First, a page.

Defendants deny all charges in Austrian Islamist terror case
Judges began to hear Austria’s first case over Islamist terrorism.
Vienna -- Cultures clashed at Vienna's provincial court on Monday, as judges heard Austria's first-ever case of alleged Islamist terrorism and banned one defendant for refusing to remove her burka.
Two defendants, Mohamed M. and Mona S., aged 22 and 21, face charges of membership in a terrorist organization, having allegedly planned bomb attacks in Austria during the upcoming European football tournament, on European politicians and producing an Islamist threat video distributed on the internet.
Prosecutors accused Mohamed M. of membership of "al-Qaeda, or respectively other internationally active Islamist terrorist networks", spreading their terrorist ideology and goals in the German-speaking world. This posed a "serious danger which needed to be countered," prosecutor Michael Klackl said.
Mona S., who is married to her partner according to Muslim law, was accused of assisting him by rendering translation services.
The couple, both second-generation migrants of a Middle Eastern background, pleaded not guilty to the charges. If found guilty, they face lengthy prison sentences.
Mohamed M. told the court he had exaggerated his extremist credentials with his peers of the Global Islam Media Front, an Internet platform, in order to gain their confidence.
But he made clear his political viewpoints, saying he was uncomfortable living in Austria under democratic laws.
"Democracy has nothing to do with Islam," he told court, stressing that Afghanistan's Taliban regime came close to his view of an Islamic state.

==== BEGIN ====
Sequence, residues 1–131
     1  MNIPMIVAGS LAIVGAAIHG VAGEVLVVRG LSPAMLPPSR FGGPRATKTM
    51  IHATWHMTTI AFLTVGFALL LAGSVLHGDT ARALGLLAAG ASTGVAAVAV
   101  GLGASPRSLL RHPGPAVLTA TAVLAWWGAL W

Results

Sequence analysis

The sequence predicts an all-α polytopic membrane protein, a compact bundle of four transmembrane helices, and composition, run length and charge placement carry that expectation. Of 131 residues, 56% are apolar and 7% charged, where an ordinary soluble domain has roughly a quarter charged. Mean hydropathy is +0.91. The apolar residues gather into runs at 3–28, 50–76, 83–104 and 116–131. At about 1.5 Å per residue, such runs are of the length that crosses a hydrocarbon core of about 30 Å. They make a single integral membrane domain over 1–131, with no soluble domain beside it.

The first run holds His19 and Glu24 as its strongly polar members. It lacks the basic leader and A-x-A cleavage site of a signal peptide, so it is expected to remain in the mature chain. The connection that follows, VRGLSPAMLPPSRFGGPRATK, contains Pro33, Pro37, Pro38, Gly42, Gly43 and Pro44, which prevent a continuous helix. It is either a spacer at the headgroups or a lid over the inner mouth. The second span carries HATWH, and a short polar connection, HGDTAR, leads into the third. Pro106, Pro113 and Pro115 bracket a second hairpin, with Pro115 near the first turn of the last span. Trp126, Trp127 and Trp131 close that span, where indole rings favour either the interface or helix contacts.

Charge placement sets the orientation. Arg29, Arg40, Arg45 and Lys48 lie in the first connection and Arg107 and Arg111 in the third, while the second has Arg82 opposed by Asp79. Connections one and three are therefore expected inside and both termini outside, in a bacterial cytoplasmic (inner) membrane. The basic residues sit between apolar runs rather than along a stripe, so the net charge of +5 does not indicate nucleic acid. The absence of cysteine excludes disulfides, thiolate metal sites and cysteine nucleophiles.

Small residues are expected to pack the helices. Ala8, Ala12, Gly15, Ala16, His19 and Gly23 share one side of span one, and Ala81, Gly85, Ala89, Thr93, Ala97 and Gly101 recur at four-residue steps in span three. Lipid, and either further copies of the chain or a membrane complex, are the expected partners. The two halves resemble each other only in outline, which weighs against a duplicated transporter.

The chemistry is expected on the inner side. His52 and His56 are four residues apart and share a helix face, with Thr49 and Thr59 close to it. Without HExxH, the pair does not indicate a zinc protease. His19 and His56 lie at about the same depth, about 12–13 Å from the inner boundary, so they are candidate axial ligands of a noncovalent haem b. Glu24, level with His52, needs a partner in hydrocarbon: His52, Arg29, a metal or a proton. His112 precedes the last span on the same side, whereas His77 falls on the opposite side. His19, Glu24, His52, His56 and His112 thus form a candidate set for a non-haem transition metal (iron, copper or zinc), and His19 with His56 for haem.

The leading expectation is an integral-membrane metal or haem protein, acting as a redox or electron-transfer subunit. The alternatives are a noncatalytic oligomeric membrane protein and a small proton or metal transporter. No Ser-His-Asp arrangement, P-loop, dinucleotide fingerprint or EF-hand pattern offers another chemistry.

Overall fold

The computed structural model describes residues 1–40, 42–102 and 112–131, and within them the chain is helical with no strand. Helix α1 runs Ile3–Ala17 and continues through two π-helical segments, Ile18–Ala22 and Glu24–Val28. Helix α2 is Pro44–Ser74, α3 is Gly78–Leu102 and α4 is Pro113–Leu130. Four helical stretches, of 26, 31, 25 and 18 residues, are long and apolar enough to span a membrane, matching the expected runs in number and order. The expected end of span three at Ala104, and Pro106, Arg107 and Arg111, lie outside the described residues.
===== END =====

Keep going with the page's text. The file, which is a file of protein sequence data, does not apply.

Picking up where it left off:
Court proceedings started with a bang, when the judges banned Mona S. from court for refusing to remove her burka, as she said was dictated by her religion.
According to Austrian legislation, faces must be at least partially visible for judges and jury to be able to judge reactions during the trial.
The defence counsel accused court of being biased against his clients and accused police of having illegally obtained evidence by installing spy software, the Austrian press agency said.
There was not the slightest evidence regarding Mohamed M.'s al- Qaeda membership, defense lawyer Lennart Binder told court.
The challenge Austria's justice system faces by what amounts to the first case of home-grown terrorism was further highlighted by accusations of abuse leveled against authorities ahead of the trial.
While being under arrest in the weeks leading up to the trial after their arrest on September 12, Mohamed M. said he was beaten, suffered sleep deprivation and was refused participation in Friday prayers.
The trial is expected to continue until Thursday.
DPA with Expatica